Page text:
Loft Could Bring Unique Spin on Campus Social Life

    Dear Editor,

    I am writing in regard to James Yoon’s article “Despite
    Lofty Ambitions, Upcoming Campus Nightclub Misses Mark,” in which he degrades
    the Loft as being “overly artistic and mature” for undergraduate students.
    Rather than presenting an eloquent argument, Yoon contributes to the
    “apathetic” and “socially dead” campus climate he criticizes. Such hypocrisy is
    inherent within the article, as Yoon begins by describing “the administration’s
    earnest effort to respond to concerns over the lack of an on-campus community.”
    He complains about how the “extremely small” space for 130 people, along with
    the possibility of having an interactive iPod jukebox, wine bar and LCD screen,
    would undermine the on-campus undergraduate experience. Rather than “alienating
    and possibly irritating students,” the intimate setting of the Loft would
    encourage true social dialogue. The opportunity to converse with the people who
    are playing their music or even share one’s own is great for meeting new
    people. Having experienced the small house concerts hosted by Sixth College in
    which students can take turns sharing their favorite music, I know that the
    programs available at the Loft would encourage a cultural exchange and foster
    new friendships.

    “The overly artistic and mature environment of the Loft also
    poses an issue as it fails to serve diverse audiences … too fancy and
    over-the-top for many college-age undergraduates,” Yoon argues. He adds that
    the Loft would only serve a specific niche of the undergraduate population,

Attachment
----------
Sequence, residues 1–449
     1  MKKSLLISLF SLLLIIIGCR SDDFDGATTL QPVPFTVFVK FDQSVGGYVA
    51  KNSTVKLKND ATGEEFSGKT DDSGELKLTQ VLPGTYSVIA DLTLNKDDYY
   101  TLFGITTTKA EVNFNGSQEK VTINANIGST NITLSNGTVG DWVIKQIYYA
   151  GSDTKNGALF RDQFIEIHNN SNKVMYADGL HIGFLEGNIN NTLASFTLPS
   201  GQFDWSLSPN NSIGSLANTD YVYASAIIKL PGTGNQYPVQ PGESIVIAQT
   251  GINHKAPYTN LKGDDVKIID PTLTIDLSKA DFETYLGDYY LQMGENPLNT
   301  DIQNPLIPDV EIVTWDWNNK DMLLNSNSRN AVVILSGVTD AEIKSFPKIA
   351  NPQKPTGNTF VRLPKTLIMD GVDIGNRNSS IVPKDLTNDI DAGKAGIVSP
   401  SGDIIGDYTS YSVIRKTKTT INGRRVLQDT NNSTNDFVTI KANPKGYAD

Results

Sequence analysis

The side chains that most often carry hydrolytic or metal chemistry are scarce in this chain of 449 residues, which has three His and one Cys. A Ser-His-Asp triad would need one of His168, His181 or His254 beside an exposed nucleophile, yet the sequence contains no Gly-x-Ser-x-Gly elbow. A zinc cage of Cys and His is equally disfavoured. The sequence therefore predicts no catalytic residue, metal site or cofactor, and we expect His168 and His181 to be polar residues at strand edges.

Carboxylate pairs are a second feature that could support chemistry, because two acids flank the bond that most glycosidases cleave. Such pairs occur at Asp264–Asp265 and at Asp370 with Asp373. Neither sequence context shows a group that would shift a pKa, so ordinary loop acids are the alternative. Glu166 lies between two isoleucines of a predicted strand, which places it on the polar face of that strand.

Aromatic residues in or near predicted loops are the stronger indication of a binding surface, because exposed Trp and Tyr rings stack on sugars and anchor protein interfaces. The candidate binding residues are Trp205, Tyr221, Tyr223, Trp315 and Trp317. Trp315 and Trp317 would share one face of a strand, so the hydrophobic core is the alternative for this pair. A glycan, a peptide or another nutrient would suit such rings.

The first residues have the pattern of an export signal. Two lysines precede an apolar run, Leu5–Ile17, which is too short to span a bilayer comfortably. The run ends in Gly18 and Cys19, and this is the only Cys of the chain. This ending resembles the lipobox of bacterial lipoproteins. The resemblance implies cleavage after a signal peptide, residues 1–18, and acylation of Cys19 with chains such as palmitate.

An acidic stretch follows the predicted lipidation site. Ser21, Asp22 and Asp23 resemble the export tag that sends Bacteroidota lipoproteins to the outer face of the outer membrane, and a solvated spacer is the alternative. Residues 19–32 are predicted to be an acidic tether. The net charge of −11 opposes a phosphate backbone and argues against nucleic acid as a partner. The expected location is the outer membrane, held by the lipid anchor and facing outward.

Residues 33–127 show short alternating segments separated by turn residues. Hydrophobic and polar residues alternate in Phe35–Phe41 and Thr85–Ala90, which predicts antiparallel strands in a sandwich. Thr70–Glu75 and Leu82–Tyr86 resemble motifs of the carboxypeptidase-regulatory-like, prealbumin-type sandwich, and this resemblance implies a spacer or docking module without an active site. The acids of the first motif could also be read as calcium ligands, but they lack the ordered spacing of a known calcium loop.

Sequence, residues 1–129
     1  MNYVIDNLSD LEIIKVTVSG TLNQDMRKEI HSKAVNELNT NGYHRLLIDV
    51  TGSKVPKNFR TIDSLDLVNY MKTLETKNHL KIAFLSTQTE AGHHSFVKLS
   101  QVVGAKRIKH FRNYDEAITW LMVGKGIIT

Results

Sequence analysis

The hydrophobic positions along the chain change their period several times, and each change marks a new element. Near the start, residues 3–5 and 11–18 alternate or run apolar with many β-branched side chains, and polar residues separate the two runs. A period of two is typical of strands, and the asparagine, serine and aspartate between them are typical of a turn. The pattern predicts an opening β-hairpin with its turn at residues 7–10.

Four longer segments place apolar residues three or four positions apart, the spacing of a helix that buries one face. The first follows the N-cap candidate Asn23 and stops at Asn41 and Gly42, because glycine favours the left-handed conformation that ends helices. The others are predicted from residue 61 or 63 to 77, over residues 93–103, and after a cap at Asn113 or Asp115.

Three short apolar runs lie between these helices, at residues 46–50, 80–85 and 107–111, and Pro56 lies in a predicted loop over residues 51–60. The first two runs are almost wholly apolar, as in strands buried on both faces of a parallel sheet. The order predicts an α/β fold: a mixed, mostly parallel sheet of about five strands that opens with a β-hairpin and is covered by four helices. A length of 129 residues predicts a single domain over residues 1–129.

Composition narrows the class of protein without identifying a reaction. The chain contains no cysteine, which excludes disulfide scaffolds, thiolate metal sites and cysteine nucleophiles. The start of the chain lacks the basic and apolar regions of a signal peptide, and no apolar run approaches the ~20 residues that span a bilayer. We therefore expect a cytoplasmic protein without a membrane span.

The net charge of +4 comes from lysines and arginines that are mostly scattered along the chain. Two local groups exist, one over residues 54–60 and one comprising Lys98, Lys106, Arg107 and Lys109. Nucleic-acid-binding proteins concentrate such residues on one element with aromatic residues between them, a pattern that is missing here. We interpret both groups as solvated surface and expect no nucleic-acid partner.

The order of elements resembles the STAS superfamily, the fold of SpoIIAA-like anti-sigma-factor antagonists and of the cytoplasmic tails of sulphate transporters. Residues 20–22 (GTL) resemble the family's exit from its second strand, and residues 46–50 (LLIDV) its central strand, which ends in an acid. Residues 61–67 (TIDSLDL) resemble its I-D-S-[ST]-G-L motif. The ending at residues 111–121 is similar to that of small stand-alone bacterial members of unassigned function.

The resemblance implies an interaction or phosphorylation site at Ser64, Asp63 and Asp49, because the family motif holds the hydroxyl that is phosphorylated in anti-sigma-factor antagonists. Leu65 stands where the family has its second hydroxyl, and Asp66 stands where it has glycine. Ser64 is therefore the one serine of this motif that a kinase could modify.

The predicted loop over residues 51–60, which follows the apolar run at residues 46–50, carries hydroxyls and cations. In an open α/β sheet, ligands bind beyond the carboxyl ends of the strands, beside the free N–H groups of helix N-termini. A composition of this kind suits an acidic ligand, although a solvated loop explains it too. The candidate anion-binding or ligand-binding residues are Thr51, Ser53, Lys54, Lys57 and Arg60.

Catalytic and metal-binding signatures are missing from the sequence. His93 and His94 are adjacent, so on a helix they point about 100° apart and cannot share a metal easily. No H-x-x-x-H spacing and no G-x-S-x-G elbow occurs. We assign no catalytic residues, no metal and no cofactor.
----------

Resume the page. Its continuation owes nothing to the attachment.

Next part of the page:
when in truth it has the potential to provide a plethora of eclectic
    programming (one only has to look at the ArtPower! 2007-08 season to see the
    artists that are already scheduled to perform). I believe that the
    undergraduate years are the most important time to take advantage of the myriad
    of cultural events that are available here at UCSD. Yoon’s assumption that the
    undergraduate population is too ignorant to enjoy such a venue is offensive and
    invalid. The undergraduate population will continue to view the Loft as “too nice,”
    if they are unable to enjoy the upcoming events. Yoon represents the quotidian
    bourgeois who become unsettled when something new comes along outside
    materialistic values or conventional attitudes.

    The Loft will be a new space on campus unlike anything UCSD
    has ever seen. It is important that students not only enjoy what the Loft has
    to offer, but also the multitude of events put on by A.S. Programming and other
    campus organizations. UCSD is a university that requires the student to be
    actively involved in discovering what he wants to engage in. Yoon’s article,
    and opinions like it, contribute to the negative stigma of UCSD being moribund.
    Enjoy the Super Smash Bros. tournaments as I look forward to socializing with
    my fellow students at the Loft.

    ­— Micah Jones

    Sixth College Senator

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